2. 2. Military Review  September-October 2006 M A P P I N G H U M A N T E R R A I N Center at Fort Leavenworth, Kansas, is overseeing the creation of the Human Terrain System (HTS). This system is being specifically designed to address cultural awareness shortcomings at the operational and tactical levels by giving brigade commanders an organic capability to help understand and deal with “human terrain”—the social, ethnographic, cultural, economic, and political elements of the people among whom a force is operating.2 So that U.S. forces can operate more effectively in the human terrain in which insurgents live and function, HTS will provide deployed brigade commanders and their staffs direct social-science support in the form of ethnographic and social research, cultural information research, and social data analysis that can be employed as part of the military decision- making process. The core building block of the system will be a five-person Human Terrain Team (HTT) that will be embedded in each forward-deployed brigade or regimental staff. The HTT will provide the com- mander with experienced officers, NCOs, and civil- ian social scientists trained and skilled in cultural data research and analysis. The specific roles and functions of HTT members and supporting organi- zations are discussed below. To augment the brigade commander’s direct support, HTS will have reachback connectivity to a network of subject-matter experts now being assembled from throughout the Department of Defense, the interagency domain, and academia. This network will be managed by a centralized information-clearinghouse unit nested in FMSO. At the same time, to overcome the kinds of prob- lems now typically encountered when in-place units attempt to transfer knowledge about their area of operations upon relief in place, HTS will provide for the complete transfer of HTT personnel together with the HTT database to the incoming commander upon transfer of authority. This will give the incom- ing commander and unit immediate “institutional memory” about the people and culture of its area of operations. Five HTTs will deploy from Fort Leavenworth to Afghanistan and Iraq beginning in the fall of 2006 to provide proof-of-concept for the HTS. If they are successful, an HTT will eventually be assigned to each deployed brigade or regimental combat team. Why We Need HTS—History Cultural awareness will not necessarily always enable us to predict what the enemy and noncom- batants will do, but it will help us better understand what motivates them, what is important to the host nation in which we serve, and how we can either elicit the support of the population or at least dimin- ish their support and aid to the enemy.3   —Major General Benjamin C. Freakley, Commanding General, CJTF-76, Afghanistan, 2006 The many complex and unexpected issues result- ing from lack of cultural knowledge have often been extraordinarily challenging for newly deployed commanders and their Soldiers, especially in insur- gent environments like those of OIF and OEF. To address recent challenges, many military thinkers have independently sought answers by studying practices and procedures from previous historical experiences. Consequently, the writings of T.E. Lawrence and David Galula have become standard reading for those searching for answers to the cur- rent insurgencies.4 Interest has also been rekindled in the U.S. Marine Corps’s Small Wars Manual, a volume first published in 1940 that outlines doctrine the Corps developed for counterinsurgency in other eras.5 Other thinkers have reexamined the basics of more recent counterinsurgency practices, in Viet- nam and elsewhere, in the search for appropriate and currently applicable counterinsurgency mea- sures.6 Still others have gone back to the lessons of British imperial and French colonial experience.7 What has emerged overall from these varied examinations of the historical record of insurgency is a broad consensus that civil society in Iraq and Afghanistan—as in past insurgencies—constitutes the real center of gravity. The current insurgencies in the Middle East are manifestations of the unmet expectations and desires of large segments of the Iraqi and Afghani populations. Disappointed by their unrequited aspirations, the people tolerate and even support the presence of insurgents, thereby making insurgency possible. Such conclusions logically demand that past experience guide our understanding of how best to meet, in a manner that supports our own military objectives, the expectations and desires of the people at the heart of such struggles. And, to truly understand such expectations and desires, it is imperative to view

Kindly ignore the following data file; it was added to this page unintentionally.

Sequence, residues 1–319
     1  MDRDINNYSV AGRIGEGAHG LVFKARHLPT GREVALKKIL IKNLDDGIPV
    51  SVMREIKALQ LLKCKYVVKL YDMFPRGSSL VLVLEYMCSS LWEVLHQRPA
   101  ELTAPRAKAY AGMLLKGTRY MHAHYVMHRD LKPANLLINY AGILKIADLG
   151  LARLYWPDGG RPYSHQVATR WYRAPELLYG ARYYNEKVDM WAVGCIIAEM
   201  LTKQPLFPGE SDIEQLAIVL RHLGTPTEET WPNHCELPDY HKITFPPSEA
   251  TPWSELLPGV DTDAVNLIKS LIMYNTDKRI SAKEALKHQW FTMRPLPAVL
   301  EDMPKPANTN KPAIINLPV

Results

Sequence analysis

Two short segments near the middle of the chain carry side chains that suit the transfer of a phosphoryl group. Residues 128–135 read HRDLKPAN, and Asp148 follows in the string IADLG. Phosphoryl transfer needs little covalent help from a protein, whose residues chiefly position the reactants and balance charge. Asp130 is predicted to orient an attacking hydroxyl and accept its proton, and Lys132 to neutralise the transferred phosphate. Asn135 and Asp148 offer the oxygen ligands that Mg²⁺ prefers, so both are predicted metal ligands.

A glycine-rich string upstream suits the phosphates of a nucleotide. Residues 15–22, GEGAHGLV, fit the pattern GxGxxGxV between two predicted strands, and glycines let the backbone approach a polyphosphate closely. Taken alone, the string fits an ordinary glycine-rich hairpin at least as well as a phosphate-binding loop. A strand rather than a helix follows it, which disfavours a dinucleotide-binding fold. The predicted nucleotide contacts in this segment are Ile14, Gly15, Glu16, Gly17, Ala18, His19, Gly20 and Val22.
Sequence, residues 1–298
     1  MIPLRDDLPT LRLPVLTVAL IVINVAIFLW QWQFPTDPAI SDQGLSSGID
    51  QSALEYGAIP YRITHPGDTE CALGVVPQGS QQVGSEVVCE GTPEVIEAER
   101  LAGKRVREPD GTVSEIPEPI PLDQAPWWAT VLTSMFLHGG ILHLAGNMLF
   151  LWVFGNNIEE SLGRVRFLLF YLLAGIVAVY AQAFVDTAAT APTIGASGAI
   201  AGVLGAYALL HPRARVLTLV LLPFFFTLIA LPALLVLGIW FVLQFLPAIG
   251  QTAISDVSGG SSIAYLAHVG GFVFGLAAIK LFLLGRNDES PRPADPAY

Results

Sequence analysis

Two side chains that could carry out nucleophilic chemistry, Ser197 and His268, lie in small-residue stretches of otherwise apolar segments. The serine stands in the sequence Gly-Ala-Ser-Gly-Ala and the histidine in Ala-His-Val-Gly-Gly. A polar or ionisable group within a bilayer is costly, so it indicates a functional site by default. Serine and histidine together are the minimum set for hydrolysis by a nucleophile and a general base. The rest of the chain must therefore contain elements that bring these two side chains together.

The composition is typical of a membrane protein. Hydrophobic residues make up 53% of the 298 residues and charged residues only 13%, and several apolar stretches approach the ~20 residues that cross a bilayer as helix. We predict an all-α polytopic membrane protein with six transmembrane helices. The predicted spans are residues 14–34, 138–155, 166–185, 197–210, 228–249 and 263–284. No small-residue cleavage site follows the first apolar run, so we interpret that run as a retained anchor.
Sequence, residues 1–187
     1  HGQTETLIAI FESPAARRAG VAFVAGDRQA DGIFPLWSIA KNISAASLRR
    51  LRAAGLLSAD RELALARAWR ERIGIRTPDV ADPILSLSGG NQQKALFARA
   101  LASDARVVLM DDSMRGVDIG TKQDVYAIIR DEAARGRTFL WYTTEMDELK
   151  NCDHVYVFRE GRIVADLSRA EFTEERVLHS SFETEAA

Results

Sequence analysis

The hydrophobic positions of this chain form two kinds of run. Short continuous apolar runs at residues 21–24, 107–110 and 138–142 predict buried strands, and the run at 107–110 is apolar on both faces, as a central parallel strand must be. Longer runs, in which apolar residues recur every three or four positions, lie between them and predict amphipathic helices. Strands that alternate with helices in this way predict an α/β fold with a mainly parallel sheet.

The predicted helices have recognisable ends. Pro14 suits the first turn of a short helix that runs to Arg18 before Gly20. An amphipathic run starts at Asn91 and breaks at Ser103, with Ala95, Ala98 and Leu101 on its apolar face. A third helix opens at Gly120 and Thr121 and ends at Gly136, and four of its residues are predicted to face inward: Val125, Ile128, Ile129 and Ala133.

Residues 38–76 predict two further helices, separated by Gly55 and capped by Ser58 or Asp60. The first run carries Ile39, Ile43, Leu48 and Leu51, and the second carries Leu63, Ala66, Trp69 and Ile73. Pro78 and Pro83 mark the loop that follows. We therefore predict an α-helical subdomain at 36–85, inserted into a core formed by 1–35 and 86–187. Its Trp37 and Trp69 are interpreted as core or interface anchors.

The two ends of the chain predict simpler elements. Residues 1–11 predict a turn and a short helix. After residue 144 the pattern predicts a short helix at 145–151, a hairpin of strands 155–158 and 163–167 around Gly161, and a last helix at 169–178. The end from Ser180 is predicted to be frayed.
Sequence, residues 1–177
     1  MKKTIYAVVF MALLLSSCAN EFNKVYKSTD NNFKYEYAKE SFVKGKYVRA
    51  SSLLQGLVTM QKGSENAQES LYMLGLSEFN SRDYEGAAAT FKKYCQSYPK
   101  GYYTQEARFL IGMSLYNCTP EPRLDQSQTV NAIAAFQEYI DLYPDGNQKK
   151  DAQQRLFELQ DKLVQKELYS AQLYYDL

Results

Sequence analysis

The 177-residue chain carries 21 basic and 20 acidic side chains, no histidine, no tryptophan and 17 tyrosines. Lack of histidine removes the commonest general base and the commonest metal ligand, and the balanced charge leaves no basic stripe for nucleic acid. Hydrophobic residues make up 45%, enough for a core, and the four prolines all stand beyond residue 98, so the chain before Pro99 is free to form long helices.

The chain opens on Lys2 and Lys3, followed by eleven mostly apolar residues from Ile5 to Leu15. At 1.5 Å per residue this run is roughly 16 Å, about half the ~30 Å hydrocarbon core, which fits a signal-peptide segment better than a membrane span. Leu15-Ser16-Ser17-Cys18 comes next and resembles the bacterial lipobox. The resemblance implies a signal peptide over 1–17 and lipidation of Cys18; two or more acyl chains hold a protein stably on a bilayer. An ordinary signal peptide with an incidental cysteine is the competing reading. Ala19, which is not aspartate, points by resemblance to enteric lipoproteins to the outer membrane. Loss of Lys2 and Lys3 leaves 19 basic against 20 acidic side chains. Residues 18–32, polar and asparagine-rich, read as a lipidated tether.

3. 3. 10 September-October 2006  Military Review them from the perspective of the cultures in which the insurgencies are being waged. Learning from Vietnam History has shown that insurgency is a complex form of armed struggle that can only be dealt with effectively if the counterinsurgent makes an effort to understand the conflict from its origin, through its evolutionary stages of development, down to its current situation. Most insurgent wars have been inherently political in nature, and therefore share the characteristic of having been decided by one side or the other’s ability to finally win the allegiance of the general civil population in the conflict area. In contrast, however tempting it may be to advo- cate “draining the swamp” by force as a solution to insurgency (i.e., denying the insurgency support by uprooting or terrorizing the local population), such policies have historically only increased popular resentment, eroded popular trust, and stimulated the indigenous recruitment of additional insurgents. While history offers many examples of insurgen- cies worthy of study, the HTS concept has been largely inspired by lessons drawn from the U.S. experience inVietnam. During theVietnam conflict, U.S.Armed Forces essentially fought two different wars: one a conventional war against regular North Vietnamese formations; the other an insurgency war against guerrillas who, for a long time, moved freely throughout the area of operations because they enjoyed the support of a significant number of the rural South Vietnamese people. The record reveals that U.S. counterinsurgency efforts in the early part of the conflict were severely hobbled by a lack of understanding of, or appreciation for, Vietnamese culture, and a paucity of cultural skills, especially language ability. Subsequently, among the many weapons brought to bear against the insurgency in South Vietnam during the course of the war, perhaps the most effective was one that involved South Vietnamese forces backed by advisors from the Civil Operations and Revolutionary Development Support (CORDS) program, a project administered jointly by the South VietnameseGovernmentandtheMilitaryAssistance Command, Vietnam (MACV). Implemented under the Johnson administration, the CORDS program specifically matched focused intelligence collec- tion with direct action and integrated synchronized activities aimed at winning the “hearts and minds” of the South Vietnamese. CORDS was premised on a belief that the war would be ultimately won or lost not on the battlefield, but in the struggle for the loyalty of the people.8 With CORDS, intelligence collection and civil- military operations were consolidated under a single civilian head, in order to shift the focus of military operations from defeating the North Vietnamese Army and regional communist guerrillas by direct military force, to working with the South Vietnam- ese to gather human and cultural intelligence and to develop economic and social programs. These latter programs aimed to undermine indigenous support for the communist forces. William Colby, one of the architects of this strat- egy, later blamed the final loss in Vietnam on failure to fully implement the CORDS strategy. Colby asserted that the “major error of the Americans in Vietnam was insisting upon fighting an American- style military war against an enemy who, through the early years of the war, was fighting his style of people’s war at the level of the population.”9 Colby asserted that efforts to transform rural life through economic development would create the conditions necessary to foster peace and stability. Such develop- ment, he maintained, would counter any appeal the terrorists might have for the people by creating local opportunities for the people to exercise real freedoms within their own institutions and values.10 More recent work appears to validate Colby’s assessment. Robert K. Brigham stresses this point in a study assessing the South Vietnamese Army and its linkages to its own society—the society from which the army had to draw its resources and its legitimacy.11 Colby’s views are further supported by the work of James H. Willbanks. In his recent treatment of Vietnamization, Willbanks addresses the tension between defeating the opposing regular force and pacifying the south in the final stages of that war (1968-1975). He underscores the link- age between pacification and Vietnamization, and argues that the former contributed to the overall stability of rural South Vietnam.12 Despite CORDS’ shortcomings (the overall suc- cess of the program is still heatedly debated by histo- rians), it is hard to argue with the statistics from that era. Where CORDS was effectively implemented, enemy activity declined sharply. In memoirs and